• Accurate measures of the true health of our spiritual lives
Elliott begins his book with the primary assertion that “so many of us have been disconnected from our feelings and emotions.” This is a somewhat vague statement, worsened by the use of passive voice, but I interpret Elliott’s “disconnect” as meaning that Christians have for too long misunderstood the link between our feelings and emotions and our faith. He goes on to say that they are intimately connected, and when feelings and emotions are properly channeled in the service of faith, they are good things. Logic and reason should not pound feelings and emotions into submission, as though Christians ought to be “dried-up stoics” (J.I. Packer’s phrase). Rather, Christians should be deeply feeling people whose emotions run the gamut from sorrow to rejoicing – and which often manifest at the same time (2 Cor. 6:10; Isa. 53:3).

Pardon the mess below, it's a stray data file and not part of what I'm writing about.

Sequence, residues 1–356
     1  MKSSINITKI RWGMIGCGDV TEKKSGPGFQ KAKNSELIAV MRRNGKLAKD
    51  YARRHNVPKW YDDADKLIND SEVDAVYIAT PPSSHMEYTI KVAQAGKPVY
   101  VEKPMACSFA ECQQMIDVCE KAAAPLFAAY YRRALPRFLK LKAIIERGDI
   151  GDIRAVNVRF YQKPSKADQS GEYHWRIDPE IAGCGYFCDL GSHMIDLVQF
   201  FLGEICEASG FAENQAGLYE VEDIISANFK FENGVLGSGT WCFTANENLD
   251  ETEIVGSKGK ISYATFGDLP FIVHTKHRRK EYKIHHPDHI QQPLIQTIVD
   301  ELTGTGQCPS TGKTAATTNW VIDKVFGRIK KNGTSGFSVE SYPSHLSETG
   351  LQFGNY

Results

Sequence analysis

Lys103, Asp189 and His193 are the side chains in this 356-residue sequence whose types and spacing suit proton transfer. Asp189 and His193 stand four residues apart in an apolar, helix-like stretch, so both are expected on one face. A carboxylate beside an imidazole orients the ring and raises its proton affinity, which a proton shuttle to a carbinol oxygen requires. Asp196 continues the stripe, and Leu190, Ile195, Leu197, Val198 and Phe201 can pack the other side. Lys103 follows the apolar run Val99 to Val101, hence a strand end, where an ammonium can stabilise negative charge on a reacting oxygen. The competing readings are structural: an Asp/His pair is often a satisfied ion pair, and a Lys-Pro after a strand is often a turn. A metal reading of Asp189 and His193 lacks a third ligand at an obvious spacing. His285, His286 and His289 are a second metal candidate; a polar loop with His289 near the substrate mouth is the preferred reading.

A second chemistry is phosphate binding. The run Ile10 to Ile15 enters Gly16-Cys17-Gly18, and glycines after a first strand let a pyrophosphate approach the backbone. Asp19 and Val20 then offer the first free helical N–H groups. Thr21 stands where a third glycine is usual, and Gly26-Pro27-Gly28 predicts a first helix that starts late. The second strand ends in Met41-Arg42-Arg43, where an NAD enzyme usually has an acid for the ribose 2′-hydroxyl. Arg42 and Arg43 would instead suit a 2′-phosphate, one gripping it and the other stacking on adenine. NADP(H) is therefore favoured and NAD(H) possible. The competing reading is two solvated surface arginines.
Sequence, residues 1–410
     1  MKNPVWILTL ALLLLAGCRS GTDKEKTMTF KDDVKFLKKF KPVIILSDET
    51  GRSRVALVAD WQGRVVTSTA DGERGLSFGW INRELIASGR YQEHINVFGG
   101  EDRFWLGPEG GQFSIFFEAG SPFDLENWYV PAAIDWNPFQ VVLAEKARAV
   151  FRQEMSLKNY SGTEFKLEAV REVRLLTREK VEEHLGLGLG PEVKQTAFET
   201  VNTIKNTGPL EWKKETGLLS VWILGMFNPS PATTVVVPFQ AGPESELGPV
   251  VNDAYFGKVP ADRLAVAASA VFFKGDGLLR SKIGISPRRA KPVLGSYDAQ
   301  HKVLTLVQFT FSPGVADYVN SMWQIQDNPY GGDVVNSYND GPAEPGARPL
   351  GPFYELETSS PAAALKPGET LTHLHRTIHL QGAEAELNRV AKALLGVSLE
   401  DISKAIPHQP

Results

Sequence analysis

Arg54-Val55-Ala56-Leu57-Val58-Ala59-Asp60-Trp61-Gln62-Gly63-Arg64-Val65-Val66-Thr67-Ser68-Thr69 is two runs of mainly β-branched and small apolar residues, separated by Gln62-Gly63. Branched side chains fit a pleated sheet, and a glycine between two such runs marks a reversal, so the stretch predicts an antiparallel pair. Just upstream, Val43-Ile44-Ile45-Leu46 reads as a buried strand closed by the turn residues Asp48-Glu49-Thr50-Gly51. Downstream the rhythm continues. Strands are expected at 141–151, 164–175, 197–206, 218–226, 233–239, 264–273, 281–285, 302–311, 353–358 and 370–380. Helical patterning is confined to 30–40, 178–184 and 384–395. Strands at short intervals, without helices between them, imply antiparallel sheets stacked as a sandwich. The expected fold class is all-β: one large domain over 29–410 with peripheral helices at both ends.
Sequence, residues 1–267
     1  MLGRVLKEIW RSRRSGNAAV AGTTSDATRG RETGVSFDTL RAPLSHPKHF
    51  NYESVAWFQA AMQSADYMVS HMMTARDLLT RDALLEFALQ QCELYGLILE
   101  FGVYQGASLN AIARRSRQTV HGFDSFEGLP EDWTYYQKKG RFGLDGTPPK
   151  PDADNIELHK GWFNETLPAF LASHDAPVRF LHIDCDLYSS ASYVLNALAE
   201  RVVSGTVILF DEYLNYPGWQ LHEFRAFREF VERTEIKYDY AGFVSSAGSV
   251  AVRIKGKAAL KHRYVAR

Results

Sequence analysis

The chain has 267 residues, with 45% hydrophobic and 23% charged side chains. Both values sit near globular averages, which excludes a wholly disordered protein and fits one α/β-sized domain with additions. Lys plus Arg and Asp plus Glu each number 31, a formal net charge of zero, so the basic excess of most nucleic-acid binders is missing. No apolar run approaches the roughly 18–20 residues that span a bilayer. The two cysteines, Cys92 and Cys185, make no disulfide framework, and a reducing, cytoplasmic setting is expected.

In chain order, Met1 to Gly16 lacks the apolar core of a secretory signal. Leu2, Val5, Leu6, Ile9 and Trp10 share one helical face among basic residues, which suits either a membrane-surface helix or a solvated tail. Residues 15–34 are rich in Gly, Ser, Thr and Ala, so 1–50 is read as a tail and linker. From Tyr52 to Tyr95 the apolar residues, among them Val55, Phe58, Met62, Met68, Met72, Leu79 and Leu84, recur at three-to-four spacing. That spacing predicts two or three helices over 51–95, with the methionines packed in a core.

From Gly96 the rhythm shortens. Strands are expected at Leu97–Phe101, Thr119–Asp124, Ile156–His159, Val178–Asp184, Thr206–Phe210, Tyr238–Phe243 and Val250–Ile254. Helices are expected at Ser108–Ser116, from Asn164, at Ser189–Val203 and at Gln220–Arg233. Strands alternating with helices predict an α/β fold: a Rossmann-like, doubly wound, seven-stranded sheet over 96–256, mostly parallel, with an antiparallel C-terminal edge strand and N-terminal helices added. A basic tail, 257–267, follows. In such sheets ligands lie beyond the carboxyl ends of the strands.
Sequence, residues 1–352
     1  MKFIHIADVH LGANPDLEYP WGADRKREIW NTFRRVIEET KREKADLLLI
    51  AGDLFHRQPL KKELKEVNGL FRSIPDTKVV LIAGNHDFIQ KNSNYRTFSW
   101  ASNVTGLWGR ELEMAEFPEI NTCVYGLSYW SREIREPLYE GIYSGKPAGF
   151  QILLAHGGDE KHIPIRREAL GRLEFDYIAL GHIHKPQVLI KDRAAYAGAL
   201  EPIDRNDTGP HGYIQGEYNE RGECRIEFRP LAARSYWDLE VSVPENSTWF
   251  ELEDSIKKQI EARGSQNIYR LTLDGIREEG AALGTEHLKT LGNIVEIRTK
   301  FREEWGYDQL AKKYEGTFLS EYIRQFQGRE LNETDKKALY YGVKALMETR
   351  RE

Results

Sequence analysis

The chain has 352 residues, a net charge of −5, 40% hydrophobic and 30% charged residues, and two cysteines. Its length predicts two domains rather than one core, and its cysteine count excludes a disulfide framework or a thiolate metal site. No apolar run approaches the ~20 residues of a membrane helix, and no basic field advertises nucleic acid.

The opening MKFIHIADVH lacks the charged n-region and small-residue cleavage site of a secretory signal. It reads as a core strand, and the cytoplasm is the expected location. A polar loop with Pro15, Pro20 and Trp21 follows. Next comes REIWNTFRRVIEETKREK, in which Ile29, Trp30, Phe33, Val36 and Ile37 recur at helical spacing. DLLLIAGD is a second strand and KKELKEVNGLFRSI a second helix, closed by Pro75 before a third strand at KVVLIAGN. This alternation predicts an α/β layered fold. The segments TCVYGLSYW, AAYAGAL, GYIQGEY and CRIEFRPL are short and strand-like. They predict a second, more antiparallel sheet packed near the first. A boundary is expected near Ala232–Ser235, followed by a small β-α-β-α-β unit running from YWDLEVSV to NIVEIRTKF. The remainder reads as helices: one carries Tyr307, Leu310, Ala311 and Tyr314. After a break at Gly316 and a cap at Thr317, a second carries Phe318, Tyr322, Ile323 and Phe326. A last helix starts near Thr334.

Indeed, Scripture mentions emotion fairly casually, in the sense that it “talks about emotion just like we do in everyday conversation.” To be sure, the Psalms epitomize human emotional expression. But what about biblical teaching on self-control? While Scripture certainly identifies self-control as a Christian virtue, Elliott interprets self-control to mean being emotionally adept rather than emotionally void. Excessive self-control along stoic lines actually serves to hobble our Christian walk:
Emotional moments and emotional understanding often lead to the greatest clarity in our thinking and understanding. These are the lightbulb moments. They capture the truth in a snapshot, as no amount of rational thinking can.
The root problem behind negative emotions is not the emotion itself; it’s you—your mistaken beliefs, your unhealthy values, your faulty thinking.